Roy Cochran: a Mississippi Olympic story

I’ve covered nearly 30 Super Bowls, more Masters than I can count, a couple U.S. Opens, a World Series and several national championship games.

But I covered the Olympics only once — in Atlanta, in 1996. It was an experience not to be forgotten, including the bomb that went off in Centennial Park one night just before our deadline.

There was no shortage of Mississippi stories to write. Ruthie Bolton, from the tiny Greene County town of McLain, was the heart and soul of a gold medal-winning U.S. women’s basketball team. Angel Martino, who then lived in Hattiesburg, was gold-medal winning captain of the U.S. Women’s Swim team. Ron Polk helped coach the bronze medal-winning U.S. baseball team.

And then there was the day I met Janice Cochran-Pendleton, a woman from Kansas whose roots went back to tiny Richton, Mississippi, near McLain.

Turns out Janice Cochran-Pendleton was the daughter of Leroy Braxton “Roy”Cochran, of Richton, who had won two gold medals in the 1948 Olympic Games at London. Boy, did Janice have a story to tell…. 
“He lived on a farm way out in the country,” Pendleton told me. “There were 10 kids in the family, and there wasn’t much money and not much to do. So they ran. They ran everywhere. They ran to school. They raced each other. They ran for the fun of it.

“If they wanted to go somewhere, they went on foot. If they had to get there fast, they ran.”

Roy Cochran reached places really fast. He took after his older brother, Commodore Cochran, who had run first at Mississippi State, then at Indiana, and then to a gold medal in the 1924 Paris Olympics. Commodore Cochran, who left State to follow his coach to Indiana, talked younger brother Roy into running for the Indiana Hoosiers, as well.

His was an amazing story of perseverance. He was 29 years old when he won his two medals, which was considered past the prime of sprinters and hurdlers of that day. Cochran had qualified for the 1940 Olympics, but those Olympics were canceled because of the war in Europe. He became a U.S. Navy officer and served in the Pacific during World War II, believing his athletic career finished. At war’s end he entered the University of Southern California in pursuit of graduate degrees in physiology.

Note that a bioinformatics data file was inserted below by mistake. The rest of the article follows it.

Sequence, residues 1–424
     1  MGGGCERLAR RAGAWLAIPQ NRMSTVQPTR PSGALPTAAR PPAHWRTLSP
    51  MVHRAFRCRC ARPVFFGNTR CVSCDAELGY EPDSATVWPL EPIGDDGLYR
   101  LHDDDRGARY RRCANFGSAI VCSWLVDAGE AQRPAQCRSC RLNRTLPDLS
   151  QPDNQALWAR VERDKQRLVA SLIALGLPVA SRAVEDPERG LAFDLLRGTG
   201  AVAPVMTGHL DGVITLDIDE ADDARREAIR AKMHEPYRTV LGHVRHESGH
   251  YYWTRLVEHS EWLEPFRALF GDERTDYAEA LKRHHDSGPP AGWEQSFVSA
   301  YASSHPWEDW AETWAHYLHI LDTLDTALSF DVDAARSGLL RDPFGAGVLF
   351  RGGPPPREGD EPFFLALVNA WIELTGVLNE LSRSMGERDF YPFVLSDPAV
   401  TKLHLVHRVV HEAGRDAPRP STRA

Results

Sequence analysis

At USC, he began to run for recreation and fitness and was surprised to find that his times were as fast as ever after the long layoff. So he returned to serious training, which led to London and the golds in the 400-meter hurdles and the 1600-meter relay.

Cochran, who died in 1981 at the age of 62, never cashed in on his Olympic gold as so many of today’s athletes do. There were no endorsements and certainly no cash prizes. All he got were the two gold medals. Pendleton says her father never boasted or bragged about his Olympic golds.

“That just wasn’t his way,” Pendleton says. “He used to tell me, these things won’t get you anything but a cup of coffee, and that’s if you’ve got a dime to go with them.”

The gold medals certainly hadn’t made Cochran famous in his native state, even though he was a distant relative of U.S. Senator Thad Cochran. That changed after Pendleton the story of her father and her uncle and after my column ran on the front page of The Clarion-Ledger during the 1996 Olympics.

Later that year, Roy Cochran was nominated for induction into the Mississippi Sports Hall of Fame. He was inducted in 1997.

His two gold medals, donated by his daughter, are still prominently on display.

2 thoughts on “Roy Cochran: a Mississippi Olympic story”

  1. I am Commodore’s eldest son. As the oldest of ten children from a farm in Richton Mississippi my father’s tale is a little different. He waited till he was six before attending the one room school house down the road so that he could take his younger sister Edna. Then he graduated at 16 to attend Mississippi State in Starkville, an ROTC College.

    At twenty he graduated a 2nd Lieutenant in the National Guard and the AAU National Champion in the quarter mile. Over the next couple of years “Speed” Cochran ran in various “All Comers” meets, Olympic warm-ups.

    It was one of these track events at University of California that he met my Mother who was an athletic aficionado having bested Helen Wills in Tennis as a teenager.

    In the 1924 Olympic trials he failed to make the 400 meter team due to severe muscle cramping from the three day train ride. However Olympic Coach “Dink” Templeton knew that “Speed” Cochran had the best 400 meter time in the world and took my dad to Paris as an alternate.

    He was put up first as he had the best start and led the whole way; the team tied the Olympic record of 3.16 minutes.

    He was very modest of his Olympic achievements, I never heard him say much about it but throughout his life people would buy him a drink if given the chance. I think his fame introduced him to many people both rich and poor. Once you have been an Olympic champion life is pretty humdrum. He worked for PG&E for many years, but he was down at the recruiting office the day after Pearl Harbor and served in the MPs until Japan surrendered. He worked for the Veteran’s administration assisting fellow soldiers adjust to civilian life.

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